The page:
Black Panther (1998) #50 Review


The Black Panther attacks a bunch of dirty cops and sets things up so he can get a collar once he gets back to work. He is Casper Cole a cop who’s on suspension for not wearing his vest while out on the job. His heroics cause him to forget to pay his light bill this cause his pregnant girlfriend to go ballistic. He eventually pays the bill and picks up some stuff for his mom at the store. There he runs into Hunter, adopted brother of T’challa and leader of the exiled Hatut Zeraze. Hunter asks about his heroics and offers to guide him on his journey. Cole refuses and Hunter allows him to leave.

Cole visits his former boss from whom he stole the Panther suit. Tork warns him not to get involved with Hunter and to return the suit and forget heroics since the people he is tangling with would kill his whole family if they found out he’s behind everything that’s happened to them.

He then visits his dad in prison and explains what’s up with the set up and the dirty cops, he promises his dad to take care of things not able to tell him what’s truly up since he fears he may get killed.

The Good

Art- Awesomeness plashed across the action sequences of this issue! That pose of Cole with his two guns, panther suit and jacket is a timeless, perfectly drawn, inked and colored piece that will be awesome come 50 years from now! The issue itself is just a joy to behold across every page.

Story- The tale of Casper Cole is one of crime, drama and real world problems reminiscent of Peter Parker and Kyle Rayner. This is a man whose life is utterly in shambles which makes the Crime fighting all the more poignant.

Characterization- I salute Priest for a character who harkens to superheroes whose humanity and every day problems are the driving force behind everything they do. Casper would make Kyle Rayner proud (lol) Casper is a light skinned Bi-Racial kid of a very dark skinned black man “Black Jack” and his white wife. His dad was a cop who was a renegade who landed behind bars. Casper is now sole bread winner of his family which includes his mother and a pregnant girl friend who has been kicked out by her parents.  His suspension from work due to corrupt cops is also quite shitty but hit home for me. I remember my girl’s reaction to when I got suspended because I showed up my lazy boss (lol) I could relate to being without money for all the wrong reasons. The drive of Cole to provide for his family also hit home as I could relate to that from the perspective of a black man responsible for Mom, Girlfriend and kid. Hell! I could be Casper Cole!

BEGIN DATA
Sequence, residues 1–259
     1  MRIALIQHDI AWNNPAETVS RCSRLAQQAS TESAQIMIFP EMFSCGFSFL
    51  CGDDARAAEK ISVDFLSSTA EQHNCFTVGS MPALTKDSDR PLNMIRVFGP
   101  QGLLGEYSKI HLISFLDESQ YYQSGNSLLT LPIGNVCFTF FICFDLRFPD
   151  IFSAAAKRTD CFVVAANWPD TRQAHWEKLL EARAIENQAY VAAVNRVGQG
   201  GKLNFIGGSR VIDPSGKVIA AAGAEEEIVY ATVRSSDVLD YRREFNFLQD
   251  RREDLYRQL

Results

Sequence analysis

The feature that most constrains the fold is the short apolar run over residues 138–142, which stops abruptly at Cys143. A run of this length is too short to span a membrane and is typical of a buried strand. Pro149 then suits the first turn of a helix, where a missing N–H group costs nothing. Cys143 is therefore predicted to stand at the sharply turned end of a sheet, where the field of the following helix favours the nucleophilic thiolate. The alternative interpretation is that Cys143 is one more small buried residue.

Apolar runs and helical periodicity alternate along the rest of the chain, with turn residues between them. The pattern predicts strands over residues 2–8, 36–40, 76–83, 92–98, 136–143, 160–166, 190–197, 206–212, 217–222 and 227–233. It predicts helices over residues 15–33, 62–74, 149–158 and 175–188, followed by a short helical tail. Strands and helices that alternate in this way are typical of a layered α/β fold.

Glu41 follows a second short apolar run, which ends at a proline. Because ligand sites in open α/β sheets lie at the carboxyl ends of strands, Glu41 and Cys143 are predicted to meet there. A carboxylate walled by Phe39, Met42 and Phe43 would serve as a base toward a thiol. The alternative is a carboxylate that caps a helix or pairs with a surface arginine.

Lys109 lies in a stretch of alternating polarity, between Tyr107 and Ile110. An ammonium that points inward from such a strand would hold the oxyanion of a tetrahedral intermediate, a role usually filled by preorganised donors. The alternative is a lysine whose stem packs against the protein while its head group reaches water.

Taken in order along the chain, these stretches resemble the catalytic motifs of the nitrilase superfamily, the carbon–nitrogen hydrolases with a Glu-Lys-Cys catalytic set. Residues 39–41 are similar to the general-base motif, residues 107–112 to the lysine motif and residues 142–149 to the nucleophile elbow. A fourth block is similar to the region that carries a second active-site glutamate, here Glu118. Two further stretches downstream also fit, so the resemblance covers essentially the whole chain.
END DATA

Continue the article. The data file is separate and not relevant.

I also loved the in depth skin coloration explored here by Priest. I myself have been accused of being a wiga (White negro) at various intervals throughout my life despite being more brown than either black or white but I could relate.  The racism one experiences as a very dark skinned black man in white countries is often harsh but conversely the racism experienced as a light skinned black person in a predominantly dark skinned world is also true. I loved that the story dealt with this without tiptoeing. His father just like mine was really dark skinned and a bit idealized like his as well. As kids we have a “sacrosanct” view of our parents and this rang true for Cole who loves and idolizes his father allot, it’s probably what lead to him even becoming a cop.

Danger- The inclusion of Hunter here is perfect as a foil to the more noble though less cultured Cole. Gangs will be after Cole soon along with Hunter and his pack consider my interest peaked!

The Bad

Some may complain that Cole’s life has too much stacked against him.

Issue was wordy and full of exposition.

Fans of T’challa may hate that Cole has taken over.

The Ugly



I'm a Caribbean born Lecturer, Multidisciplinary specialist/Androgogue/Philosophical Pedagogue; with backgrounds in Philosophy, Social Studies and Geography; founder/CEO of World of Black Heroes, freelance writer and all around comic book geek. I enjoy a good book, video games, movies and most of all fatherhood. Written credits include work for where my writing inspired the music compiliation "Kindah" available in multiple languages on Itunes, The Caribbean Journal of Education, The University of the west indies, Comicvine, Independent comics etc.

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